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From Bogue Street to Wall Street, Broad student heads to New York

By Terri Hughes-Lazzell

Mike Kmiec never wanted to be anything but a Spartan. With deep family ties and a love for the green and white, his only college application was to Michigan State University.

Senior finance major Mike Kmiec is headed to work on Wall Street after graduation.
Senior finance major Mike Kmiec is headed to work on Wall Street after graduation.
Photo by Alan Piñon

He also knew he wanted to major in business when he got on campus. What he learned while at the Michigan State University Broad College of Business is his place in business—the financial markets.

That knowledge is putting him on Wall Street after graduation in May. The senior finance major and Financial Markets Institute scholar—who received the undergraduate award for excellence in finance from the Detroit Chapter of Financial Execs International—will join J.P. Morgan Securities in New York as an analyst on the firm’s leveraged finance team.  His experience at MSU and his new job also got him listed as “an undergrad ready to revolutionize finance” in a story at

While his journey was not one of surprise as he followed in the footsteps of his parents, sister, and uncle who attended MSU, his future has been eye opening.

Expecting to work in a finance department within a large automotive manufacturer near his Detroit-area home, Kmiec will work in a different industry, and in the Big Apple.

“I found the stock market to be interesting, and wanted to learn more about how it worked,” he explained. He wanted to know the secret behind how someone like Magic Johnson—Michigan State University and Los Angeles Laker basketball star—could become part of the group who would buy the Los Angeles Dodgers for $2 billion.

He started taking finance courses as a sophomore, completing his pre-requisites early and applying immediately. Then, he discovered The Financial Markets Institute (FMI).

FMI provides admitted finance and accounting students comprehensive training and unique opportunities that include co-managing a multimillion dollar investment fund and visiting financial services firms across the U.S.

“Investment banking resonated with me,” Kmiec said. And once he was taking the Financial Management course, he started to see how what he was learning could be applied to real life situations.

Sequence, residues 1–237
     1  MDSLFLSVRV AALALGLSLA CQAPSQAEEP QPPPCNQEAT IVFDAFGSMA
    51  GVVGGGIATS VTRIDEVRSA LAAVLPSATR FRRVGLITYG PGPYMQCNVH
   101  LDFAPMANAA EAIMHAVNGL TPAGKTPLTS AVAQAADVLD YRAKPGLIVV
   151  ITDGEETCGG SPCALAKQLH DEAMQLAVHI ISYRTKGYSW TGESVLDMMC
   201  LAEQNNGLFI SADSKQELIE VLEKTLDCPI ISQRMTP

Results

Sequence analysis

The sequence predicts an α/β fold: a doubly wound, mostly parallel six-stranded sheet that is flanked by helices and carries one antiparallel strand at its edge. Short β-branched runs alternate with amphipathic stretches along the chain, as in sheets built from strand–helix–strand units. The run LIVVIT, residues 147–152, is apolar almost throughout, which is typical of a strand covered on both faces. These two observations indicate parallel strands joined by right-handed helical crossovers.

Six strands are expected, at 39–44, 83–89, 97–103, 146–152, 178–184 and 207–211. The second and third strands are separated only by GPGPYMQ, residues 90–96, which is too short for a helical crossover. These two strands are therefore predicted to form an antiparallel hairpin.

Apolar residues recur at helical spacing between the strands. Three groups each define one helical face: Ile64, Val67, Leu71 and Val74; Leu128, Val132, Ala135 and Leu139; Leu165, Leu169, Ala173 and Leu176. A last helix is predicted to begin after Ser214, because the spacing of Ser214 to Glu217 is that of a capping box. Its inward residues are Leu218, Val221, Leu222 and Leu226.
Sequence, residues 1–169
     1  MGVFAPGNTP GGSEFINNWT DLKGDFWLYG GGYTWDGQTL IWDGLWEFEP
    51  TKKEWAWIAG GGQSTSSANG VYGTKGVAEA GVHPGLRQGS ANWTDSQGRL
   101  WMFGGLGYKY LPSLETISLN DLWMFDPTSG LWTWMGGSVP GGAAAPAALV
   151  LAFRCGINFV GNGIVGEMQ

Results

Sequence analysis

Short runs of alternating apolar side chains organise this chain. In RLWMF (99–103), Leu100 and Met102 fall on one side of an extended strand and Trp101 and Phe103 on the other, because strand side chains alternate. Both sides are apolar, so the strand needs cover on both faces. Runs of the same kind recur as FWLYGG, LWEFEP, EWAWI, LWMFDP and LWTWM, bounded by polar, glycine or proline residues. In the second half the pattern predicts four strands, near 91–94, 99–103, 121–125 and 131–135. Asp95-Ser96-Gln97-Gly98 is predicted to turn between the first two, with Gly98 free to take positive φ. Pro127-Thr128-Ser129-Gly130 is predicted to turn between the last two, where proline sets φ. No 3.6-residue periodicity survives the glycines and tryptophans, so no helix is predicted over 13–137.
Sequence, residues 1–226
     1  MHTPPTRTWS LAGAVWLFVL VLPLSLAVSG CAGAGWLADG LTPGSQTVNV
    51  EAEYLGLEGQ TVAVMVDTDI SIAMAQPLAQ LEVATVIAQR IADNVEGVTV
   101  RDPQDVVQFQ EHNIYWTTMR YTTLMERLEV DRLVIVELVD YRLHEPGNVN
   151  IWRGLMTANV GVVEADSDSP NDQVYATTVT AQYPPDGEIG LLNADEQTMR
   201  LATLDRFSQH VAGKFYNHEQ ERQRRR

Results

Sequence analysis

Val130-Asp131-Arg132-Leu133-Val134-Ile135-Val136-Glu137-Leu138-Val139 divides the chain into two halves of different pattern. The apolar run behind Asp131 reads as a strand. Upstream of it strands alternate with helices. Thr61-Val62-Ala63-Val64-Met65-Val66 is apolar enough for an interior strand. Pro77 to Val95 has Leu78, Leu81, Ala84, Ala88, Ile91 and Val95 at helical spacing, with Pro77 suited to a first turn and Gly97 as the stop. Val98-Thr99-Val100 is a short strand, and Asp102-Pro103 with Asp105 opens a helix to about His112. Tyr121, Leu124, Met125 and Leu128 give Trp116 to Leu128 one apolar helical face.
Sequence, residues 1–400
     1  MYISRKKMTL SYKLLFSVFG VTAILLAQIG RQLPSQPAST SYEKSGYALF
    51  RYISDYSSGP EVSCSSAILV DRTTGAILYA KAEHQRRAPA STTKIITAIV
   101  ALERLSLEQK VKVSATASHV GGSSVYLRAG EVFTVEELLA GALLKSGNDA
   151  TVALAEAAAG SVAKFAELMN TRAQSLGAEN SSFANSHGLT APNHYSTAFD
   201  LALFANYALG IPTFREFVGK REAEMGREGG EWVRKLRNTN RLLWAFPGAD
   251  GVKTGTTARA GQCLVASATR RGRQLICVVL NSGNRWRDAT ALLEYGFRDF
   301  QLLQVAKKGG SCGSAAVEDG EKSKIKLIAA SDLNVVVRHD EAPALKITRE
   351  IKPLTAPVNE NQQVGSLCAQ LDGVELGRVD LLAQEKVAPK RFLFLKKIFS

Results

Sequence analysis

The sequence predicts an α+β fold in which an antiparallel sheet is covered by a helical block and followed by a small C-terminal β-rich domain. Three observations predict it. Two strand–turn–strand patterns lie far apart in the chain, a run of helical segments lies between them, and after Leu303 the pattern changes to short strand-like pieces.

“I wasn’t just reading; this was the real thing. It was motivating,” he added.

Then his Security Analysis course gave him the opportunity to help manage a $5 million portfolio for the MSU Foundation. Students made presentations and pitched recommendations to buy or sell funds.

To have that responsibility when the foundation said yes to an investment recommended by a student was huge, Kmiec said.

“I was accountable,” he added. “This was a real-world, hands-on stock market opportunity. We were learning how to buy low and sell high.”

Remembering his first presentation to the foundation, Kmiec said he put in long hours and stressed over his presentation. However, he doesn’t remember if the foundation bought his recommendation or not. It takes a two-third vote.

With a laugh, he said he remembered that the second time he presented, he was more prepared with his information and ready for the questions—because he learned from watching other student pitches.

“You can never know enough,” he said. “This (FMI) is a rare opportunity on campus.”

And Kmiec is grateful for that opportunity, which was followed by internships with Stryker in Kalamazoo, Mich., and Apollo Global Management in New York. At Stryker, Kmiec worked in the treasury department for foreign risk scheduling. The experience put his analytics to work, and gave him an opportunity to contribute to the team. MSU prepared him well, so he had an understanding of terminology and software, he said.

“When you understand the language, it’s easier to pick up the job and be effective,” he said.

While at Apollo, he was with the credit group, investing in credit securities. “It was by far the best experience I have had in terms of development,” he explained. “I did a lot of credit research in terms of the financial health of the company and cash flows.”

In addition, Kmiec received the Thomas G. Cosper Financial Markets Institute Scholarship, was named Financial Executives International Senior of the Year, is president of Students Consulting For Non Profits and Security Analysis Teaching Assistant/Portfolio Manager, and a member of the Michigan State Tower Guard.

All of these tools and experiences will be used when he joins J.P. Morgan in May. There, he will focus on putting together plans to raise capital for companies seeking assistance, something he hadn’t even considered before coming to the Broad College.

“My exposure in FMI opened my eyes to all the job opportunities,” he said.

He recalls a guest speaker at the college who said whatever you have a passion for; make a career out of it. That speaker loved music, but wasn’t a musician—so he bought music rights.

“I realized there were so many things I could do with this degree.”



Eli Broad College of Business

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